A gripping narrative history of Spain's most brilliant and troubled literary family--a tale about the making of art, myth, and legacy--set against the upheaval of the Spanish Civil War and beyond
In this absorbing and atmospheric historical narrative, journalist Aaron Shulman takes us deeply into the circumstances surrounding the Spanish Civil War through the lives, loves, and poetry of the Paneros, Spain's most compelling and eccentric family, whose lives intersected memorably with many of the most storied figures in the art, literature, and politics of the time--from Neruda to Salvador Dal , from Ava Gardner to Pablo Picasso to Roberto Bola o.
Weaving memoir with cultural history and biography, and brought together with vivid storytelling and striking images, The Age of Disenchantments sheds new light on the romance and intellectual ferment of the era while revealing the profound and enduring devastation of the war, the Franco dictatorship, and the country's transition to democracy.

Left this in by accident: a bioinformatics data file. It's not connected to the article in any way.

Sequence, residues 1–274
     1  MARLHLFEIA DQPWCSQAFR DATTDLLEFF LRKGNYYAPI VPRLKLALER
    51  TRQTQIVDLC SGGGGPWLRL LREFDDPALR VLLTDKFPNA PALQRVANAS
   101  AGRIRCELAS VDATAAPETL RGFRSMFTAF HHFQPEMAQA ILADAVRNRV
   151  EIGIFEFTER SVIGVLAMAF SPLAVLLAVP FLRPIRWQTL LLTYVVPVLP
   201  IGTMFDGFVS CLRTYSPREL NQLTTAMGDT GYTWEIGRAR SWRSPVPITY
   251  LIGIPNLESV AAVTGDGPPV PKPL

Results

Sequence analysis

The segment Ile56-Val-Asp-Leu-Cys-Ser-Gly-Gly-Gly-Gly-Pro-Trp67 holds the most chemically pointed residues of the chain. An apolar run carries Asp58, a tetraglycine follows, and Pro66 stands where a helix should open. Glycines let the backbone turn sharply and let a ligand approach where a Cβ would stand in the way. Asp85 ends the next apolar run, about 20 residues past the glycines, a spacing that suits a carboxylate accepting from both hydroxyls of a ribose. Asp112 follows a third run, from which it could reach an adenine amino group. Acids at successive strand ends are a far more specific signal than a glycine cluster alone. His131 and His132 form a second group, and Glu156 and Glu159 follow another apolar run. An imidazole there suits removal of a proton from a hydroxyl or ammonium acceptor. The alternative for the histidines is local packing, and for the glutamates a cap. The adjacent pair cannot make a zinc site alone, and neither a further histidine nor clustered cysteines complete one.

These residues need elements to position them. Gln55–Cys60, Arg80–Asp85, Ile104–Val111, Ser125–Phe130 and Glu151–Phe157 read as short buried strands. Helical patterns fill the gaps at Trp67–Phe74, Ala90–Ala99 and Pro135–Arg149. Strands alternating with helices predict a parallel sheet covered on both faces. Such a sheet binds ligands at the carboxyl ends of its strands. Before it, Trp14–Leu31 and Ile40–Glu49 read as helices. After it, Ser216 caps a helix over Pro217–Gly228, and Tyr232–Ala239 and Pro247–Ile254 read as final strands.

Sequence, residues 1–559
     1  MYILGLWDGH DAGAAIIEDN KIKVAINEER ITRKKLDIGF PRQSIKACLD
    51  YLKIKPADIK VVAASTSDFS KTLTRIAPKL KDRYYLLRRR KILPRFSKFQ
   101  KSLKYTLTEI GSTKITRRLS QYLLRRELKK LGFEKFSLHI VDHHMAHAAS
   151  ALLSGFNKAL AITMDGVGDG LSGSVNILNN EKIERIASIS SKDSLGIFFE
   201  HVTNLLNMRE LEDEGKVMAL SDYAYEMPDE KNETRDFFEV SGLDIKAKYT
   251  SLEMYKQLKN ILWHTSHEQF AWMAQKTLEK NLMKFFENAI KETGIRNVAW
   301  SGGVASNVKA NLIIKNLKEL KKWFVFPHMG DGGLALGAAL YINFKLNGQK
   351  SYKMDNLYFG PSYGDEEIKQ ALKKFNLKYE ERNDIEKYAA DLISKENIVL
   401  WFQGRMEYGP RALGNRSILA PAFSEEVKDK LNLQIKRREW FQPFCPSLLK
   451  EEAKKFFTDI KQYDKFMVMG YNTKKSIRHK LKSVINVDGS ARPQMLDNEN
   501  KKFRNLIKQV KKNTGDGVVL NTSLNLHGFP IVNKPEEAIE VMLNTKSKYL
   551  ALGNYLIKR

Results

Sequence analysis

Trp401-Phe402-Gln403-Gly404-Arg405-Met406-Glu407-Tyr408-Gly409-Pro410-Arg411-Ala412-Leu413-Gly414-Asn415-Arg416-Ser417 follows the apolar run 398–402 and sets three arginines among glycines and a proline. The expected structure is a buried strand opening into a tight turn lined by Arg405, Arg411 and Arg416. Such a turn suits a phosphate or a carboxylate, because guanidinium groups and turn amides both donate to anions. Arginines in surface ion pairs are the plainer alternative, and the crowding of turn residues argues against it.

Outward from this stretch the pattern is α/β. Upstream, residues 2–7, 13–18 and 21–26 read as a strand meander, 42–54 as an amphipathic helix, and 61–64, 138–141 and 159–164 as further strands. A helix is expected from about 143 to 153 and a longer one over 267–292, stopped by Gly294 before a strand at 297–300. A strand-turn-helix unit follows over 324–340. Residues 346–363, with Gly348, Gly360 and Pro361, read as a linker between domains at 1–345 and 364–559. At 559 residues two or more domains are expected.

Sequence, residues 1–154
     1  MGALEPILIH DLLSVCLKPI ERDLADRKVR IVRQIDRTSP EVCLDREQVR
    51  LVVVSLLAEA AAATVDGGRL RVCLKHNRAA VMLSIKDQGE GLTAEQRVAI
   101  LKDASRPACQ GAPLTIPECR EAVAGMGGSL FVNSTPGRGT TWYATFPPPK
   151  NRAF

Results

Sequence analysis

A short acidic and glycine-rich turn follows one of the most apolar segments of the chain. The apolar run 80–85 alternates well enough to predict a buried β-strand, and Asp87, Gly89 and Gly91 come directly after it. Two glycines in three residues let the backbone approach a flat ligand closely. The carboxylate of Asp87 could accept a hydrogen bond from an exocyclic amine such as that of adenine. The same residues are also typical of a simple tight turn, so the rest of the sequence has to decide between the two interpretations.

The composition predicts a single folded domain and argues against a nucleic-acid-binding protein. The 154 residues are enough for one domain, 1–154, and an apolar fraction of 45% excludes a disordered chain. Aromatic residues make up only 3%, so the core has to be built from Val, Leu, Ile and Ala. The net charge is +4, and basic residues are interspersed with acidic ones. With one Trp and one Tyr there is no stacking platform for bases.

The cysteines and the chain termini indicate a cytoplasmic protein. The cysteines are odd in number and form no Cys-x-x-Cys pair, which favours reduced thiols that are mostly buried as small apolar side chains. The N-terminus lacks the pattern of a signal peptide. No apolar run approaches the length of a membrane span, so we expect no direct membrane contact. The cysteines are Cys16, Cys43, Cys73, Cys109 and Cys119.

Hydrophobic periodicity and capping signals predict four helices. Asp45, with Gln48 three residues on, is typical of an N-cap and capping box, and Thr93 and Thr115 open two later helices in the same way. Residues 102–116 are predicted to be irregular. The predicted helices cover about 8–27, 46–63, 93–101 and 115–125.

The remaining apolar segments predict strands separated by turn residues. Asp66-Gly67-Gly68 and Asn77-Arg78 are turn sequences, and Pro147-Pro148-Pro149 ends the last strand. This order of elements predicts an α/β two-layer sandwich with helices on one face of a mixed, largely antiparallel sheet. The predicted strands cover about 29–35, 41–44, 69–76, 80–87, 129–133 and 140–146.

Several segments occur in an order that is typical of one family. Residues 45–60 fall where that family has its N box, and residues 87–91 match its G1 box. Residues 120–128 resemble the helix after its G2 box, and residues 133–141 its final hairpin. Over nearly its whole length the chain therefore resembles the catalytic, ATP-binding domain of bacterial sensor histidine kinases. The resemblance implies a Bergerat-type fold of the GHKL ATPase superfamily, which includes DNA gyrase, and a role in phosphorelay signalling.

A searing tale of love and hatred, art and ambition, and freedom and oppression, The Age of Disenchantments is a chronicle of a family who modeled their lives (and deaths) on the works of art that most inspired and obsessed them and who, in turn, profoundly affected the culture and society around them.
Pearls have enthralled global consumers since antiquity, and the Spanish monarchs Ferdinand and Isabella explicitly charged Columbus with finding pearls, as well as gold and silver, when he sailed westward in 1492. American Baroque charts Spain's exploitation of Caribbean pearl fisheries to trace the genesis of its maritime empire. In the 1500s, licit and illicit trade in the jewel gave rise to global networks, connecting the Caribbean to the Indian Ocean to the pearl-producing regions of the Chesapeake and northern Europe.